Integrated sensor-derived data drives battlefield success
C4ISR insight from Brig. Gen. Thomas Cole
Editor’s Note: The evolution of C4ISR initiatives was affected by a variety of decisions this year. At the same time, efforts to improve upon the technologies that support the warfighter, including command, control, communications and computers and intelligence, surveillance, and reconnaissance systems, gained new urgency.
Defense Systems asked a number of senior military officers and Pentagon personnel to answer the question: What was the most important C4ISR development of the past year and why as part of a broader year-end assessment on C4ISR developments. Following is the response from Brig. Gen. Thomas Cole, program executive officer of the Army's Program Executive Officer for Intelligence, Electronic Warfare and Sensors.
“The task at hand is how to immediately and completely understand the environment across the full spectrum of operations."
“Getting sensor information down to coalition forces at the lowest level is the operational imperative that is driving architecture development and is one of the most important C4ISR development efforts during the past year. Specifically, this is the ongoing effort to define and implement the sensor and communications architecture necessary to effectively use sensor information and achieve the objective of persistent surveillance."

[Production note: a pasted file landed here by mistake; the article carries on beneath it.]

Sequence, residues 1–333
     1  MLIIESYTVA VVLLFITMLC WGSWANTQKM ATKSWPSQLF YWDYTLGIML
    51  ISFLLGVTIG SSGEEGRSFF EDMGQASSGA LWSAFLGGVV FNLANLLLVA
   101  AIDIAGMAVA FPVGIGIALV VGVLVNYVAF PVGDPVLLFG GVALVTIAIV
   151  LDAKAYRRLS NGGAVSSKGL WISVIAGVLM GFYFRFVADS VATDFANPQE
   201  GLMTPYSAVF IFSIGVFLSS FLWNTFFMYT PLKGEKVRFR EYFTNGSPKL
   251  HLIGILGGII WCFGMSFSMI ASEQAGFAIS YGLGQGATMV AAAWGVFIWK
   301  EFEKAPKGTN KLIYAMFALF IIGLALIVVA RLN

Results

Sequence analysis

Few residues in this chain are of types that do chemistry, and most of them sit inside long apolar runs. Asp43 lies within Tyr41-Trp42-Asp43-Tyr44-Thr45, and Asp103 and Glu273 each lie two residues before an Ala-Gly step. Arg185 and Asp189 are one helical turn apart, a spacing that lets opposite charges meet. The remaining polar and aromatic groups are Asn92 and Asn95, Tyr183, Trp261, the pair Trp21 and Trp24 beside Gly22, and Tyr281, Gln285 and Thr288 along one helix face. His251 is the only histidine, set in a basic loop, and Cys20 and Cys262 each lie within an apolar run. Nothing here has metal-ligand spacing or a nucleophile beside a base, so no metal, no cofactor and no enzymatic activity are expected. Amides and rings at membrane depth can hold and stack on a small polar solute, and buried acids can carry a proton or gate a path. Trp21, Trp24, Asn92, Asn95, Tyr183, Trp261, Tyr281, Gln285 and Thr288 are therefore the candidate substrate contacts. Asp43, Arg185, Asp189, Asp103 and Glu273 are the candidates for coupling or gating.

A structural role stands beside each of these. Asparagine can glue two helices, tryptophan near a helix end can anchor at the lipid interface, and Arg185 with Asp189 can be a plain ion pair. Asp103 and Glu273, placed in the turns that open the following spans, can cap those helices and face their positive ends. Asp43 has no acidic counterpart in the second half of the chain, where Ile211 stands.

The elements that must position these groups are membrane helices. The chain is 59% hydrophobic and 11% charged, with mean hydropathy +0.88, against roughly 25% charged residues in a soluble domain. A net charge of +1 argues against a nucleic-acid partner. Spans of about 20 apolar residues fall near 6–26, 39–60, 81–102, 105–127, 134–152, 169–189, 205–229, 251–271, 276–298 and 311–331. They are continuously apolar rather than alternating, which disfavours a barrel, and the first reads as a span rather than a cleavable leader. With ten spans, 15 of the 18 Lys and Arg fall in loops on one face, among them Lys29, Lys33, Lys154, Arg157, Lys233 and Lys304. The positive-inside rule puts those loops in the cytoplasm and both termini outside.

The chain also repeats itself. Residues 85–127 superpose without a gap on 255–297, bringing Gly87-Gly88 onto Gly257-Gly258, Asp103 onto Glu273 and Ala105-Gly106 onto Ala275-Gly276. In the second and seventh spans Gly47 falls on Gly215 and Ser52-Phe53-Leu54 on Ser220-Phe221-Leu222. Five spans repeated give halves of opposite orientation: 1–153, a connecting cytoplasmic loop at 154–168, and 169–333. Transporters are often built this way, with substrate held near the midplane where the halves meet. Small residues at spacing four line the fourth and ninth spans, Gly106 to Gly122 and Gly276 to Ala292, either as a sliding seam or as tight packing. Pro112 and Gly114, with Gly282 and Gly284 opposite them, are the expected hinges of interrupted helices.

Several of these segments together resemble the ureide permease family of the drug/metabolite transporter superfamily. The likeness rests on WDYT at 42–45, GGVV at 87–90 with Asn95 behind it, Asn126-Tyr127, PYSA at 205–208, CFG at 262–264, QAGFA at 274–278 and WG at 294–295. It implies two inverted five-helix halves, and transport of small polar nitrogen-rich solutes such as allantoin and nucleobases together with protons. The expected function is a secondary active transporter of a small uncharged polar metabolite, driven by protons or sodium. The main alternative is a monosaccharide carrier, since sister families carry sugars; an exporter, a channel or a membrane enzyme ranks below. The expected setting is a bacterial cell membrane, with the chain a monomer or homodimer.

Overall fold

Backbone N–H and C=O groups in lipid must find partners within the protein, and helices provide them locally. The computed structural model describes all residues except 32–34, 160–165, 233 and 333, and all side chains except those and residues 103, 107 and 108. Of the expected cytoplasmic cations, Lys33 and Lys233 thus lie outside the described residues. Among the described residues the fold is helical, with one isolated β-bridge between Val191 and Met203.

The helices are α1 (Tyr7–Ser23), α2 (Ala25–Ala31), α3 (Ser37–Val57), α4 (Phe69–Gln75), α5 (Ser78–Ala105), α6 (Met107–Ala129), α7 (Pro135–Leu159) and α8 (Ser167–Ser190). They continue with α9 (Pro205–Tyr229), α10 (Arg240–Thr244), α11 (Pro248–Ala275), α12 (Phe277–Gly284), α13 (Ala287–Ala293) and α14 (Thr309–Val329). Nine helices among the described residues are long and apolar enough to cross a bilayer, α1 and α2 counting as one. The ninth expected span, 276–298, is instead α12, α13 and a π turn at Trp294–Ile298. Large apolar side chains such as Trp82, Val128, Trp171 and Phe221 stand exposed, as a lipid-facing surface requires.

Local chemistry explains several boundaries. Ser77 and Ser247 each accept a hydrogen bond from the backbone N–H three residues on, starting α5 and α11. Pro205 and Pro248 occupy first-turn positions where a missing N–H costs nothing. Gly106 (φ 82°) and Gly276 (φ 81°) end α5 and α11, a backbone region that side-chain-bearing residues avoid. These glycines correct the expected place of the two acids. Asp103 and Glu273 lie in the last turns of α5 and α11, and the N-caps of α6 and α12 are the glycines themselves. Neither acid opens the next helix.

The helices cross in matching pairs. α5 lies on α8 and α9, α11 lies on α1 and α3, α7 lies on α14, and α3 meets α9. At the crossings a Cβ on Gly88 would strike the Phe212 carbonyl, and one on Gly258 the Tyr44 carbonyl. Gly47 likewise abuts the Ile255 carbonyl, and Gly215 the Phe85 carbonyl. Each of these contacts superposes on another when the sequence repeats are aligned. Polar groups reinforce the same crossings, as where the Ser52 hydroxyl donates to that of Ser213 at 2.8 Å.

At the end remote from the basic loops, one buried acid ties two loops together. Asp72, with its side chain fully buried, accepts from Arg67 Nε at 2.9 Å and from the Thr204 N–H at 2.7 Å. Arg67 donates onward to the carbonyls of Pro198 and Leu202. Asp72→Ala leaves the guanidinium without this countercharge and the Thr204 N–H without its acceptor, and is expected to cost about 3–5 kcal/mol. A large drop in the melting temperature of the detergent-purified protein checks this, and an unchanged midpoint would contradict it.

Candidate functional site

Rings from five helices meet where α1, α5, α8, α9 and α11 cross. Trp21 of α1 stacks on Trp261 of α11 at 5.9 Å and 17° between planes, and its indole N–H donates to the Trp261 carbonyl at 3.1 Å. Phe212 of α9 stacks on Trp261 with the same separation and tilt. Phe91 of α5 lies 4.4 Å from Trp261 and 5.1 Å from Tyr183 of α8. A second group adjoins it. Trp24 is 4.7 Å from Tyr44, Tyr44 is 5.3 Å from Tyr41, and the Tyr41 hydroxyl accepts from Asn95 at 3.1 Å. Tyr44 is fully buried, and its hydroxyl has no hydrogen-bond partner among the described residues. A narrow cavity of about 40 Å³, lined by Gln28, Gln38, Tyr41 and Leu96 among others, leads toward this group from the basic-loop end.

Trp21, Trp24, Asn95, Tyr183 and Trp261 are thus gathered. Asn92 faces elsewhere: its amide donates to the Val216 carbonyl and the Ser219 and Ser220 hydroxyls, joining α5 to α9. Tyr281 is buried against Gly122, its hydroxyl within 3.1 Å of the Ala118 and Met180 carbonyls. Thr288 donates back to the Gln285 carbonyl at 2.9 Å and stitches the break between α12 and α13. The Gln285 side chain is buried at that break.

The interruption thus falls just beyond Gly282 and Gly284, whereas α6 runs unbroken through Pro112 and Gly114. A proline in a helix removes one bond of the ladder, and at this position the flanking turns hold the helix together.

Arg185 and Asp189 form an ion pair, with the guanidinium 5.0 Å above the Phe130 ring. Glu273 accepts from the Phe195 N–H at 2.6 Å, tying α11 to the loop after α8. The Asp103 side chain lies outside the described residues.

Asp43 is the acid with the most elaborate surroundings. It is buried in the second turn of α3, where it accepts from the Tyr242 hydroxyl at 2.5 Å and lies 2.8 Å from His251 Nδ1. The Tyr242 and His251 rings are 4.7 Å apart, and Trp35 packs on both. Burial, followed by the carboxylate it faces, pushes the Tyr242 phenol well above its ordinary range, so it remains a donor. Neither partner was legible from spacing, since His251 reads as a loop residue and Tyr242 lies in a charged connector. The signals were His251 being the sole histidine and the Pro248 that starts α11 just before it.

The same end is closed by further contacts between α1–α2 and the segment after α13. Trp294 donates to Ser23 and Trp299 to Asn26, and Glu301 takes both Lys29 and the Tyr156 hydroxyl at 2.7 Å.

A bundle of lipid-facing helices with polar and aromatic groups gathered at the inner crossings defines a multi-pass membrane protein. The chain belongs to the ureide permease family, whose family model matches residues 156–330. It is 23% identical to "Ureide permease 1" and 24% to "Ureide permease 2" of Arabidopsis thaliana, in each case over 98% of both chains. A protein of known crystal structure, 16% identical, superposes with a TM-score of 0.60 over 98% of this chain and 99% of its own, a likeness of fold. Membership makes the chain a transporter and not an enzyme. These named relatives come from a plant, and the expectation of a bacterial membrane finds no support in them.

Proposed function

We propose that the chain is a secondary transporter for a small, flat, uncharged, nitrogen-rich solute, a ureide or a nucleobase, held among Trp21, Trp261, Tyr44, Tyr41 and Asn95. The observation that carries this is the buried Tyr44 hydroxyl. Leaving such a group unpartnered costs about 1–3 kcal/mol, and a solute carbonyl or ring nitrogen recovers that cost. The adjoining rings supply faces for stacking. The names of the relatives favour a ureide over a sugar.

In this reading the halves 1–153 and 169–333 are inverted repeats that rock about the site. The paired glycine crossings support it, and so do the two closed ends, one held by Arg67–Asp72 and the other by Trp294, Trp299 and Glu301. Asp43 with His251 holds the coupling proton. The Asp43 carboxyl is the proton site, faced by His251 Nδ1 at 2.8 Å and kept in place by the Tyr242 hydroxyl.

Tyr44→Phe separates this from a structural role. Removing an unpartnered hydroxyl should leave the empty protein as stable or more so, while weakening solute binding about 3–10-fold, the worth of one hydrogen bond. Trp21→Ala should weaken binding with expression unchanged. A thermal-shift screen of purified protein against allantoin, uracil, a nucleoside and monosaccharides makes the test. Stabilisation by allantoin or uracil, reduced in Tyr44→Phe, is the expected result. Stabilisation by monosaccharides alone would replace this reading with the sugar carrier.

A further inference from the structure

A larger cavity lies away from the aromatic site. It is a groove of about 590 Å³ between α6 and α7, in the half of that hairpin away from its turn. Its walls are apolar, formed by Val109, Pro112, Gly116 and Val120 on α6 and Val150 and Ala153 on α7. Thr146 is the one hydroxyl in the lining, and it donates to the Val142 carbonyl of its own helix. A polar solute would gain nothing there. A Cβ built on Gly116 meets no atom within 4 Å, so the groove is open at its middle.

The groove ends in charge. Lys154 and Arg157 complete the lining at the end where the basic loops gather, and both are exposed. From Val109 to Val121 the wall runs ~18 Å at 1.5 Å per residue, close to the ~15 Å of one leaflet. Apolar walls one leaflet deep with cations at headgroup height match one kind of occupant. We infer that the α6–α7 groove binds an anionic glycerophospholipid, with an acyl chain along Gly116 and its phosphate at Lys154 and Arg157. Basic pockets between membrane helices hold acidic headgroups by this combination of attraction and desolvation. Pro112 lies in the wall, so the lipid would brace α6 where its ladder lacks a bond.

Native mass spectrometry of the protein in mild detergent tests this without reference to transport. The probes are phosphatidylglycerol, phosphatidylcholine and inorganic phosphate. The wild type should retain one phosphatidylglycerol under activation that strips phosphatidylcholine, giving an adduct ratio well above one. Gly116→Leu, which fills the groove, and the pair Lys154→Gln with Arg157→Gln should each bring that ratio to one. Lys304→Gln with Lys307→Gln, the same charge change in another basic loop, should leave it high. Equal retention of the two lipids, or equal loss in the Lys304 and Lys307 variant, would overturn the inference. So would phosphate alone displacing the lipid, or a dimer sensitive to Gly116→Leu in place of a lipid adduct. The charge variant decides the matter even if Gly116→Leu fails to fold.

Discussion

“Meaningful ISR/reconnaissance, surveillance and target acquisition is a function of sensor information, data architecture, communications, training — to include senior leader training — and system supportability that enables execution through battle command and intelligence-driven operations. Getting the most value of the extensive sensor information available and making that information available to coalition forces can be used for situational awareness, force protection, targeting, and intelligence. The effective use of this sensor-derived data is an enabler for significant return on investment and greatly improved effectiveness on the battlefield.”
Barry Rosenberg is editor-in-chief of Defense Systems. Follow him on Twitter: @BarryDefense.